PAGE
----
This frantic race to the bottom of safe yields will eventually run up against the effective lower bound (ELB). When that happens something else will have to adjust. And that something is output, as noted by Caballero, Fahri, and Gourinchas (2016)

So there you have it. The world has been hit with a massive global monetary shock. And via dollar bloc countries, the parallel dollar system, and the shortage of safe asset problem this monetary shock may be what pushes an already slowing global economy into a global recession.

Will central bankers and finance ministries be ready for it? I hope so.

Update: For some soul searching on the why of Brexit, see my previous post.

1The blue line shows the spread between the 1-year US treasury rate and the 1-year Euro rate. Based on the expectation hypothesis, the 1-year interest rate approximately equals the expected average of short-term interest rates over the same horizon. Consequently, if 1-year rates are going up it implies short-term rates are expected to rise on average over the next year. The spread between the treasury and euro rates, then, reveals the expected divergence between the expected path of policy interest rates over the next year. 

18 comments:

  1. Professor Beckworth- Are exchange rates as important as you suggest? My initial reaction is that it only impacts the export-import variable in any given countries' NGDP. And any decline in exports - imports (through both increased imports and declining exports) could be offset to some degree by higher purchasing power-> cheaper goods-> movement along the demand curve within the country with the stronger 'dollar' = more consumption. That is to say, it is not a 1 to 1 fall in NGDP for the decrease in export-imports. Maybe the answer is it depends on the country and the ability to adjust in the real economy or perhaps I'm totally off base (usually the case).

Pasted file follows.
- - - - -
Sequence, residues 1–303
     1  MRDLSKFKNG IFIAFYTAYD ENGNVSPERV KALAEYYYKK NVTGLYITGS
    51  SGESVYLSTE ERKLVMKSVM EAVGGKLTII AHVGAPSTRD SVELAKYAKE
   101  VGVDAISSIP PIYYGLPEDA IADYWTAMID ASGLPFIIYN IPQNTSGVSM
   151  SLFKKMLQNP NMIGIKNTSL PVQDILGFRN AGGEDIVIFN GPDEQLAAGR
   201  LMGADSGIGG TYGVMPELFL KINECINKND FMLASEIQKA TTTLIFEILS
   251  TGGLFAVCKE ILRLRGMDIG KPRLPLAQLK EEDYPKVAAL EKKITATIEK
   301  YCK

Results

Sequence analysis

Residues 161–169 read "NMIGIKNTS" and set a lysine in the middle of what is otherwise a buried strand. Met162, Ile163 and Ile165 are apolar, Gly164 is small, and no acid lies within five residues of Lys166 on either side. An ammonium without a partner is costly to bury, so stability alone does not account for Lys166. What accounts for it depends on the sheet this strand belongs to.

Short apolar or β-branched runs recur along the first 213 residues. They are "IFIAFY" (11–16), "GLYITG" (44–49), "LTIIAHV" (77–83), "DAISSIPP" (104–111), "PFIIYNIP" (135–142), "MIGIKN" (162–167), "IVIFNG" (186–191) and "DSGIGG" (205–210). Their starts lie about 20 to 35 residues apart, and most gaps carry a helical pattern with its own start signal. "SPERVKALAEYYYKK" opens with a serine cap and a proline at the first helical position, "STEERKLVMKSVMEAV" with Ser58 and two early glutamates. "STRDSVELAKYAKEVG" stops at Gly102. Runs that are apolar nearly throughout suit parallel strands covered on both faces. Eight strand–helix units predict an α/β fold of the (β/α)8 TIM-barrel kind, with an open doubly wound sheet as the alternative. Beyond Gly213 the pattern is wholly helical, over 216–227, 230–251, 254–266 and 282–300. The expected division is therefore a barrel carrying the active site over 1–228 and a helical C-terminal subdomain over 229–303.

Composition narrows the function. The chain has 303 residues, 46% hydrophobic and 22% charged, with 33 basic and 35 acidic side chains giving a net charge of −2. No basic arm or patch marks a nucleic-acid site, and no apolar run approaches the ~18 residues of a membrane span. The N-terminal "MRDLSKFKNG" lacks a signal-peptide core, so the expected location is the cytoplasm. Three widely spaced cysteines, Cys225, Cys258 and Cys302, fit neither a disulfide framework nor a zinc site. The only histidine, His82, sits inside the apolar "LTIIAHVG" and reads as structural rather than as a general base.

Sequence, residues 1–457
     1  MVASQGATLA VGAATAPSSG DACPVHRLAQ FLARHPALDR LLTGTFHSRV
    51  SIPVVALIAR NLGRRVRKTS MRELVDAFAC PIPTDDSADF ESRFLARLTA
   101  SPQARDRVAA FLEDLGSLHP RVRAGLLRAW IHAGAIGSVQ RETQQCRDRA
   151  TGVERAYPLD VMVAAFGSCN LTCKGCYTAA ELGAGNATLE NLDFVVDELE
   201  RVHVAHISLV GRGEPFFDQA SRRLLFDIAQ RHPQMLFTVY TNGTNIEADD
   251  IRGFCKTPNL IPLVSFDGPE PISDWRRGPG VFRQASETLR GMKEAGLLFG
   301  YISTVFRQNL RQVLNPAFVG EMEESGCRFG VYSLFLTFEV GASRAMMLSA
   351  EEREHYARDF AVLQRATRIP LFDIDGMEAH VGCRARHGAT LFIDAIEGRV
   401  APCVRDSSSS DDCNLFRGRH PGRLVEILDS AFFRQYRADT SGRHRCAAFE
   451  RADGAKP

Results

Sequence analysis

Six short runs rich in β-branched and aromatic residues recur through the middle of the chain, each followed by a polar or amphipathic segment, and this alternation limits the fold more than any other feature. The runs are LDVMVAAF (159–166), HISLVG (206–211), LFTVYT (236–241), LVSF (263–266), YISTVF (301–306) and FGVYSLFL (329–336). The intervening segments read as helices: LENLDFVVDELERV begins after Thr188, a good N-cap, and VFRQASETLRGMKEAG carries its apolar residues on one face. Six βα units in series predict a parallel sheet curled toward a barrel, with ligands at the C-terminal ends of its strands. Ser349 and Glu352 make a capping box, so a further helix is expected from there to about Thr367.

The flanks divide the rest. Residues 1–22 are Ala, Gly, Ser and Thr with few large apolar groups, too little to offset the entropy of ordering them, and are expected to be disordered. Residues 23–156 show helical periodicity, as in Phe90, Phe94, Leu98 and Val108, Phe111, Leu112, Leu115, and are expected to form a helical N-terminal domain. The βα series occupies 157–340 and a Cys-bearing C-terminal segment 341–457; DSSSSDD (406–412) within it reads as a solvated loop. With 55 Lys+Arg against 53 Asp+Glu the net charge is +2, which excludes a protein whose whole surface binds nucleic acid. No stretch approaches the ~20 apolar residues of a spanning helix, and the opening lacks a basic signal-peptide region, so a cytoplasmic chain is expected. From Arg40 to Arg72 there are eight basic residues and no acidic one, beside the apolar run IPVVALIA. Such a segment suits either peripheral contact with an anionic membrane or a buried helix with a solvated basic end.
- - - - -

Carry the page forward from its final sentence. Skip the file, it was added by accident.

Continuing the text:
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  2. Provocative and informative, as usual. Would it be right to characterize your view about the underlying causes of the safe asset shortage as follows?

    Tight monetary policies--on the part of various central banks with varying degrees of linkage to the Fed--effectively impose price controls on safe assets denominated in their respective currencies. These effective price controls operate directly on a certain class of public, short-maturity assets for the most part. But due to quasi-arbitrage with other safe asset classes--public and private, short and long maturity--the shortage leaks into other markets (I'm curious about the details of this mechanism).

    And besides this leakage problem, the destabilization of long-term macro (NGDP) expectations due to bad monetary policy both makes it tougher to privately produce safe assets by increasing credit spreads and also increases the demand for safe assets.

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    1. Eric, the idea behind the race to bottom is that as yields on one safe asset get driven to the lower effective bound investors will look elsewhere until all safe asset yields hit their bottom. The price control is the institutional constraint of the effective lower bound where investors would rather hold cash. Here is a post from a few months ago where I dig a little deeper into this problem. You may find it useful.

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  3. Frankly, I am not seeing it. I suspect this will be old news in a couple of weeks and everybody moved on. A bunch of weak moves won't matter. It will unwind and we will be back to where we where yesterday.

    Sure, England will become weaker and Scotland will flee back to the EU. The Tories who voted "Leave" will regret it and reverse positions while socialist use the chance to make a "self-sufficient" hive in England while practicing xenophobia.

    But markets move on.

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    1. Uhm, yes, markets did move on today but in a rather violent way.